The Price of a Monopoly
Before coming to LinkedIn, I worked at Netflix, which has been one of my favorite companies for a very long time. I’ve had an account with them since the very beginning, and I for a long time I’ve loved their loyalty to their existing customer base. Until just a few years ago, any increase in price to their new member subscription price wasn’t passed along to existing members, who were allowed to keep their existing subscription prices until they chose to change to another plan. When they added streaming, they added it as a bonus to the DVD plan – I know the goal here was to increase streaming viewership, but it was still very nice. Until today’s change, every change they’ve made has looked at least a little bit like a benefit for the subscribers.
Today, they’re rolling out a new plan. Fortunately for me, at my particular level (4 unlimited DVDs plus unlimited streaming) the price is just about the same. But for those people who are on a tighter budget and happy with the $10 for 2 unlimited DVDs plus streaming, they now have to choose one or the other for $8, or move to $16 for a slightly worse plan (only 1 DVD at a time). Wow. I mean, I think it’s nice that you can choose to have one or the other, so those people with no internet can just watch DVDs and those people who hate the USPS can just watch streaming, but really? You can have one or the other for $8, or both for $16. No discount to have both? Really, Netflix? And precisely no benefit for having been a customer for years? I’m sorry, but 2 months notice is really not a reasonable amount of consideration.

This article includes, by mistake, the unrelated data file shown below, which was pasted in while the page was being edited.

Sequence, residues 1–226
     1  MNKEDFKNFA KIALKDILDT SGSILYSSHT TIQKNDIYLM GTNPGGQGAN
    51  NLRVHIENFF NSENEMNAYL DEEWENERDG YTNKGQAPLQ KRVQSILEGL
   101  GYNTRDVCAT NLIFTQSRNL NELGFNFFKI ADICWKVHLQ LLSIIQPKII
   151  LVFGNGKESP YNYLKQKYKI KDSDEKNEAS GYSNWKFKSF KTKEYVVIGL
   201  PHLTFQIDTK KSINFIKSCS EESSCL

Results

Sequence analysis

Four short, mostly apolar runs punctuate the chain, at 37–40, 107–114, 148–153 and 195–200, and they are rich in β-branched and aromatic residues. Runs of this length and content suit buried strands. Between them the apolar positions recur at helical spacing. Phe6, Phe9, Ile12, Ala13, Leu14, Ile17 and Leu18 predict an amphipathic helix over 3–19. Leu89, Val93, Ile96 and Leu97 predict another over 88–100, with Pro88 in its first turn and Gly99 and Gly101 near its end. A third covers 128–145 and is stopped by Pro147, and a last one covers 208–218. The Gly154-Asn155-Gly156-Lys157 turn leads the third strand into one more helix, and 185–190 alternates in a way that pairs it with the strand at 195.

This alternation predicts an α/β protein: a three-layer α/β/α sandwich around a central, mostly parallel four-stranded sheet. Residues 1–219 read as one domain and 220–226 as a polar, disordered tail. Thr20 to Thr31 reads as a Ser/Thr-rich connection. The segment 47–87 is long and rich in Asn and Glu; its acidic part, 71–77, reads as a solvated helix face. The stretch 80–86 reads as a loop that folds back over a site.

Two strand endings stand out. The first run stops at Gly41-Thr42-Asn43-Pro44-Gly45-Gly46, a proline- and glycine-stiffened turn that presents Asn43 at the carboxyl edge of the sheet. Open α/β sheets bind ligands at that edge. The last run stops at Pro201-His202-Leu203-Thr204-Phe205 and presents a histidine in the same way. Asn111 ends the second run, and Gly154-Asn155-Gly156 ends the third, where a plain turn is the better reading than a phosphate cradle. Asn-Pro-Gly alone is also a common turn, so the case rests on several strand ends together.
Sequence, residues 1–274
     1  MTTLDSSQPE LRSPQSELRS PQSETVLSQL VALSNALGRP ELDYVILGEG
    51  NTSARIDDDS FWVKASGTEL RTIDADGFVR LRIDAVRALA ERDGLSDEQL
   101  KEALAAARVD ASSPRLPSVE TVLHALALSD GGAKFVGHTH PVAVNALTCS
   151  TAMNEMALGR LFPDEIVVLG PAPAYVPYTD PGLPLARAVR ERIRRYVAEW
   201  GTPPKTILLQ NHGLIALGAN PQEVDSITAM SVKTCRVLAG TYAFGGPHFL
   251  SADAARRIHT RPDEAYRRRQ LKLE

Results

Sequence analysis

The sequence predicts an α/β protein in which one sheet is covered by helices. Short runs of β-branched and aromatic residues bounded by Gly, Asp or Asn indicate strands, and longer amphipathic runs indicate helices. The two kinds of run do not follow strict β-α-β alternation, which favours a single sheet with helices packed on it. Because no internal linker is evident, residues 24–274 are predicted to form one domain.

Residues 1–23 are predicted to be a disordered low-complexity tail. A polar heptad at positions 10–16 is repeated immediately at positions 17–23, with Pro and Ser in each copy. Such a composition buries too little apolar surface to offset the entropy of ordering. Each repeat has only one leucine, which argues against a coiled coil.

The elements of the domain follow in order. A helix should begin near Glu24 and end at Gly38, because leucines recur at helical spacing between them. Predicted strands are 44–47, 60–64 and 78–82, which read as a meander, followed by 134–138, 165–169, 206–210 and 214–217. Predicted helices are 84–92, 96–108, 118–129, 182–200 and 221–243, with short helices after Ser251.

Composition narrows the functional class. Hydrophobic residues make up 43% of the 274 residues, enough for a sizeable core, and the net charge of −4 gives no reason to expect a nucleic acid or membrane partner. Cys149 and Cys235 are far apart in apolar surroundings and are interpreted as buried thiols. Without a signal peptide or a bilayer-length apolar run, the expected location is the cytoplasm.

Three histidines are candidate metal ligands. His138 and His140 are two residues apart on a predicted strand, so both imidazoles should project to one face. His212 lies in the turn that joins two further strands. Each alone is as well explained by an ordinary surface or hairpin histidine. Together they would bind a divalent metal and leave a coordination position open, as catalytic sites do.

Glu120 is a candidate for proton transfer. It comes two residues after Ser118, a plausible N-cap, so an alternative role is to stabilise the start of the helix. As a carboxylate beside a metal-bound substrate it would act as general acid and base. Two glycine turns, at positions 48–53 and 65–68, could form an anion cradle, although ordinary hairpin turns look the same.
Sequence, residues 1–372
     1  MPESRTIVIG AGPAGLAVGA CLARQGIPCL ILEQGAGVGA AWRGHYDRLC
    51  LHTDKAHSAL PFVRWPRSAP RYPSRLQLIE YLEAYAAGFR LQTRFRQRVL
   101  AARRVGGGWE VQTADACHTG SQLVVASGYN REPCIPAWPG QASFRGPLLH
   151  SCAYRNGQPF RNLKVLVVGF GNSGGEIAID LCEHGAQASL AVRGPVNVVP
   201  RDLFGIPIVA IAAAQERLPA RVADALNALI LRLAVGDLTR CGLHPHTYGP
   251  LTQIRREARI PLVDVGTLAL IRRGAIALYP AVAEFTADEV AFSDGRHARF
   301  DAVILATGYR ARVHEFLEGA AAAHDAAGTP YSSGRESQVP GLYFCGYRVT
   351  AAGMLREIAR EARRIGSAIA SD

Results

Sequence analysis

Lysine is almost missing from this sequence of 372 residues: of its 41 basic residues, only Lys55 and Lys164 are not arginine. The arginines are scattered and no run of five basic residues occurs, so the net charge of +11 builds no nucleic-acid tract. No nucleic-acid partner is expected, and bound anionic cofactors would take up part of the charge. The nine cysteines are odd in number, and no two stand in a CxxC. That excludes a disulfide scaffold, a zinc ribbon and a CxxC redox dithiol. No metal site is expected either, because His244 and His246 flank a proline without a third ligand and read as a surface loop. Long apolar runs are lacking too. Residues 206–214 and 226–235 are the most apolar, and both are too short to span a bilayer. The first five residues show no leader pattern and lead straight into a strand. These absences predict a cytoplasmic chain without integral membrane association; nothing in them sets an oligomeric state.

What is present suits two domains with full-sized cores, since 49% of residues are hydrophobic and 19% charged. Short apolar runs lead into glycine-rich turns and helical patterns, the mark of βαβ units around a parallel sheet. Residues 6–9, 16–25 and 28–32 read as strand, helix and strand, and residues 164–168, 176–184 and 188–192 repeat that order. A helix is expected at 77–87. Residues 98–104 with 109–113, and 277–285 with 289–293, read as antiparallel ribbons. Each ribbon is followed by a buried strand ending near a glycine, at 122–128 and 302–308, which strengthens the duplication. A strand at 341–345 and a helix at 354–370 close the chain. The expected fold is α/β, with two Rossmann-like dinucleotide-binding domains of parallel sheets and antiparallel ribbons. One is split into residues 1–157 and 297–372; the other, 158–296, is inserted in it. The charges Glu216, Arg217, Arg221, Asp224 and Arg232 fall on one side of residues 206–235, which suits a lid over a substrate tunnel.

I realize that Blockbuster is dead. And Amazon hasn’t really mastered the art of streaming subscriptions. And Apple is struggling with the same thing. So Netflix can do what they want and they’ll continue to print money like gangbusters. But you know, I liked giving our subscription money to a company that I felt valued their subscribers. Even though my cost hasn’t changed at all, I’m much more likely to look elsewhere for my entertainment choices. I know that may seem a little hypocritical as an Apple fan-girl, but continuing to give money to a company who makes it clear they’ve suddenly decided not to value their existing user base anymore feels a lot worse than continuing to buy items from a company that’s never pretended otherwise.
Oh jeez, I have no idea how to tag this. Um, Geek stuff. And, uh. Friends in G+.